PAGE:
Knowing when the best time is to visit Uluru or Alice Springs is not as straight forward as you may think. Whilst people do visit year round, your experience will be completely different depending on the season.
We've been to the Red Centre a few times and experienced how different the climate in this incredible part of Australia can be. Here's our tips for the ensuring you have the best conditions for your trip.
The Best time to visit Uluru and Alice Springs
Check your dates
Visiting Uluru and Alice Springs at the right time will have a big impact on a trip to Australia and you should consider the best time to visit Australia as a whole. Whilst Australia gets busier during the Australian Summer (incidentally the worst time to visit Alice Springs and Uluru), the most dramatic swings in traveller numbers in Uluru and Alice Springs come from domestic holiday makers.
The key to cheaper travel in the Red Centre is to research when the school and public holiday are and try to avoid them. These holidays will have a dramatic impact on your trip as prices increase and availability of rooms dry up when everybody’s off.
The best time: Spring/Autumn
Our favourite time to visit Uluru and Alice Springs is the spring or autumn. During this time the air temperature is warm (about 25-30C) and the nights are mild.
It’s a time when you can do just about anything: hike, swim in water holes, star gaze or watch a sunset without either sweating like mad or turning into an iceblock.
Best time to visit Uluru: Spring & Autumn
The primary reason why this is a great time to visit Uluru is the gorgeous weather. Whilst you can have surprisingly hot days, in general the weather will be hot but not scorching.
Another huge plus is the flies are limited in number. They will still be slightly annoying (and you’ll probably need a net) but it is an acceptable price to pay.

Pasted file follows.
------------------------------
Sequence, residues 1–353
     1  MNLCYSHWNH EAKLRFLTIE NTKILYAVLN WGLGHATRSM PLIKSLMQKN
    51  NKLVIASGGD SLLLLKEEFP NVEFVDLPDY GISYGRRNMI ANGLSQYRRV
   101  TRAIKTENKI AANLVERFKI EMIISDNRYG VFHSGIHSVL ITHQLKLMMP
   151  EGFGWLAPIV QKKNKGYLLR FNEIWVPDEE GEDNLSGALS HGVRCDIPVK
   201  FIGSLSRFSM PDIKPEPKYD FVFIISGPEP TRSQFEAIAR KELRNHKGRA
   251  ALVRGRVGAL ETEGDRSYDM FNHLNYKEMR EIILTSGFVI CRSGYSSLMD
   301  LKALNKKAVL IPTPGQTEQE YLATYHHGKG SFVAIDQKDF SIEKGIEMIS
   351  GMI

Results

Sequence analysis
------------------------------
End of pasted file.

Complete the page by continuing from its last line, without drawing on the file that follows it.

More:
Another reason why this is our favourite time is that you can sit outside at the Sounds of Silence dinner (one of the highlights of the whole of Australia) and be comfortable.
You won’t shiver like in winter or face a bombardment of bugs in the summer. There’s also enough warmth and humidity to create some epic sunsets.
Best time to visit Alice Springs: Spring & Autumn
Alice Springs is great in spring and autumn as you can swim in one of the many waterholes without catching a cold.
The water in all the water holes is pretty freezing so for long dips we still recommend having a float or tube, with you but it's a great way to cool off. This would obviously go for summer too if you are brave enough to visit then.
It also makes activities like hiking and visiting the Kangaroo Sanctuary (one of the best things to do in Alice Springs) really pleasant. Sunrise and sunset watching are perfect at this time of year as sunrise will be cool but not freezing and sunset will still be pleasantly warm.
Not so bad time: Winter (May - Sept)
Winter isn’t a bad option for visiting Central Australia. This is when the desert is at its coolest and you’ll have maximum temperatures in the mid twenties. This makes it the absolute best time to go hiking, especially on trails such as the 223km Larapinta trail. But it's also great for all the day hikes. We hiked in around 20C in winter and it was perfect for scaling all those hills as you don't need to carry as much water as in the warmer months.
We did also go in the water holes, but during winter a float is imperative and, to be honest, if any water comes over the float you will feel really cold. We much preferred swimming in spring and autumn.
The night time temperatures are very cold. On a winter trip once, we glamped in temperatures that dropped to -2C. We’ve never been happier to see the sun return! It also makes sunrise and sunset watching - one of the most wonderful parts of a trip to the outback - a little more trying. We were truly freezing and it meant we didn't watch every single one as we would have normally liked to do.
Winter in Uluru & Alice Springs